TPR has published papers setting out its regulatory approach, a new code of practice and a regulatory guidance document and is asking the industry for views on all three documents.
It also wants master trusts to be able to demonstrate independent assurances that they comply with its DC quality features to ensure conflicts of interest do not arise. It says this is necessary because of the significant numbers of workers expected to be automatically enrolled into this segment and the low barriers of entry for providers.
The regulator has also published initial analysis showing good alignment between the DC quality features and FSA requirements for work-based personal pensions.
Later in 2013 it expects to produce a final version of analysis of how member benefits are protected in work-based personal pensions. It will also agree joint working protocols with the FSA, and its successor bodies, to determine how breaches of the law should be dealt with between regulators.
Chief executive of The Pensions Regulator Bill Galvin says: “Where we find schemes fall short of the standards we have set out, we will expect them to improve. Some smaller schemes may find this challenging and decide that the interests of their members would be better served in another type of arrangement.”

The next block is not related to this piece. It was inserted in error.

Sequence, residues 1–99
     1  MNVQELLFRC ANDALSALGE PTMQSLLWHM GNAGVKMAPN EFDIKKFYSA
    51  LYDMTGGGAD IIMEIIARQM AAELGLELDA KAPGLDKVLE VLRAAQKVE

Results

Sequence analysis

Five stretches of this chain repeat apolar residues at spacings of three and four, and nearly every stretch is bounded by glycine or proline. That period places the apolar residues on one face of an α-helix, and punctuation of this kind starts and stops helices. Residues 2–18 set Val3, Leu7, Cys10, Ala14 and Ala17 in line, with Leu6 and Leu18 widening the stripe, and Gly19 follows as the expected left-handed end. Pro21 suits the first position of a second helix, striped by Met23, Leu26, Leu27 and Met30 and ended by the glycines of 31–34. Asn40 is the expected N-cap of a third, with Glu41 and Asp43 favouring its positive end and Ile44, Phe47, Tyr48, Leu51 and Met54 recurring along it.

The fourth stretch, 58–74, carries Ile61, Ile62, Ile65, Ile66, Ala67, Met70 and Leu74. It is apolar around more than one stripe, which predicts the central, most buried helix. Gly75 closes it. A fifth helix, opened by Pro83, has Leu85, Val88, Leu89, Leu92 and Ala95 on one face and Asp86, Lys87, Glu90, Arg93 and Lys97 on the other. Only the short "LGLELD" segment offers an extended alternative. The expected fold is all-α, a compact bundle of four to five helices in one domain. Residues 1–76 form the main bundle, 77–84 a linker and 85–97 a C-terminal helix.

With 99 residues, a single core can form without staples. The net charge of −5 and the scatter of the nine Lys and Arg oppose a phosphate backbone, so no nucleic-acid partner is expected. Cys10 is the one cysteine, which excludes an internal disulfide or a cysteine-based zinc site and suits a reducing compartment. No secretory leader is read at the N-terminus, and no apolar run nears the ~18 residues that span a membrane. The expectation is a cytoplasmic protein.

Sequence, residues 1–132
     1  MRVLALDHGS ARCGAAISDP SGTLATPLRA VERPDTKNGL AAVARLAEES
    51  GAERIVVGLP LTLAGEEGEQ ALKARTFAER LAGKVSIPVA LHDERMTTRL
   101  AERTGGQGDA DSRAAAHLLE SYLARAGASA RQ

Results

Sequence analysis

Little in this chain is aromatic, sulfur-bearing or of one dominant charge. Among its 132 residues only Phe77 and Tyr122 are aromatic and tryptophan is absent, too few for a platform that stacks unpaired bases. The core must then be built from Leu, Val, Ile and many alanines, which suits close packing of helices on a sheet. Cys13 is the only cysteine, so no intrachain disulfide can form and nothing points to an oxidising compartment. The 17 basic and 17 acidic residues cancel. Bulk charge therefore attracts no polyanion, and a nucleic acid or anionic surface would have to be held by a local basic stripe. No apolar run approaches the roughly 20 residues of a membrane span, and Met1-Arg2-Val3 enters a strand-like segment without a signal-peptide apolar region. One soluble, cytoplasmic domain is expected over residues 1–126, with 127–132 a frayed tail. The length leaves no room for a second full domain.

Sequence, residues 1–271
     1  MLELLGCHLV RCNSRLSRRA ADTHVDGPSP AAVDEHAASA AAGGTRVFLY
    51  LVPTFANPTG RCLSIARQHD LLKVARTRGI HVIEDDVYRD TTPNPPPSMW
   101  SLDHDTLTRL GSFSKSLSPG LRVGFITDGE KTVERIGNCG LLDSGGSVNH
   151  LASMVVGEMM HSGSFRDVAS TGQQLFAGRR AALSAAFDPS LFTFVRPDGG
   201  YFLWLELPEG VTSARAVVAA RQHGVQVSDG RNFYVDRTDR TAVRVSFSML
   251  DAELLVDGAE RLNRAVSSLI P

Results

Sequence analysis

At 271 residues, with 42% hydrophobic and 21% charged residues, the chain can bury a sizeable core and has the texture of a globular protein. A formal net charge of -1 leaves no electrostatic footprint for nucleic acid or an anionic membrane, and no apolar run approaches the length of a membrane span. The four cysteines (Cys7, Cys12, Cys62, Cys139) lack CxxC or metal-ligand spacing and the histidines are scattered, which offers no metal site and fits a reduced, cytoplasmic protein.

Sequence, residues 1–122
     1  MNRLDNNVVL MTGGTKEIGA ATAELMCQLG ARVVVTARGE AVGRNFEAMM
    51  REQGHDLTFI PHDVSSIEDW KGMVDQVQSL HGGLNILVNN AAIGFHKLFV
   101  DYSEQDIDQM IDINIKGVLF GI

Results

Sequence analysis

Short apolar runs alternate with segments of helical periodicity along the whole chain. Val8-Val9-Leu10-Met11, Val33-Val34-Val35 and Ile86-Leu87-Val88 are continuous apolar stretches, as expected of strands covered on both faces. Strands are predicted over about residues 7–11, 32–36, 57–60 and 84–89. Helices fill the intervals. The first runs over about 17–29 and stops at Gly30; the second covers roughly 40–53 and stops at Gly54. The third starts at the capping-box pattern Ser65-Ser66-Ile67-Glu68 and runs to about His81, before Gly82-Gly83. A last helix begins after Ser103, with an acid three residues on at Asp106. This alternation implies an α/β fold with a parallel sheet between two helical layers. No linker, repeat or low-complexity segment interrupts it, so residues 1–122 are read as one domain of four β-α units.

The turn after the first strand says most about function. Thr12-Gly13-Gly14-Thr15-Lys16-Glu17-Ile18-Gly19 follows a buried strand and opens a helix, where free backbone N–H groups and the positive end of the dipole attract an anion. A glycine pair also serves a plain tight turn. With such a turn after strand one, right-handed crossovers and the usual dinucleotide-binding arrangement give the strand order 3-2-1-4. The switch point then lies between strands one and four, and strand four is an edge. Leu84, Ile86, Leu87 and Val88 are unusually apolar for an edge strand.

TUC general secretary Frances O’Grady says: “We particularly welcome the focus on pensions company sponsored mastertrusts where there are real concerns about conflicts of interest. Many of these were set up to exploit the loophole that allows employers to get their contributions back through short-service refunds – but this runs completely counter to the interests of members.”
Key elements of the package of measures published for consultation today include:
• A set of 31 DC quality features covering key areas such as contributions, investments, governance standards, administration, value for money, converting a pension pot into a retirement income and member communications.
• A ‘comply or explain’ regime – occupational DC trust-based pension schemes will be expected to adopt a disclosure framework to demonstrate how they comply with the DC quality features, or to be able to explain any inconsistencies. Disclosure will require trustees to consider what processes are in place that ensure the presence of the each feature. Schemes might choose to disclose this information via their annual report.
• A Code of Practice for occupational DC trust-based pension schemes that provides practical guidance on the requirements of pensions legislation and sets out standards of conduct and practice expected of those responsible for running schemes. Standards set out in the code will be a key reference as to whether enforcement action is necessary.
• The DC Code should be read in conjunction with regulatory guidance setting out good practice standards in areas such as value for money, transparency of costs and charges and member communications.
• Where trustees fall short of the standards expected the regulator can issue notices directing compliance with the law, fines and remove trustees and replace them with new ones.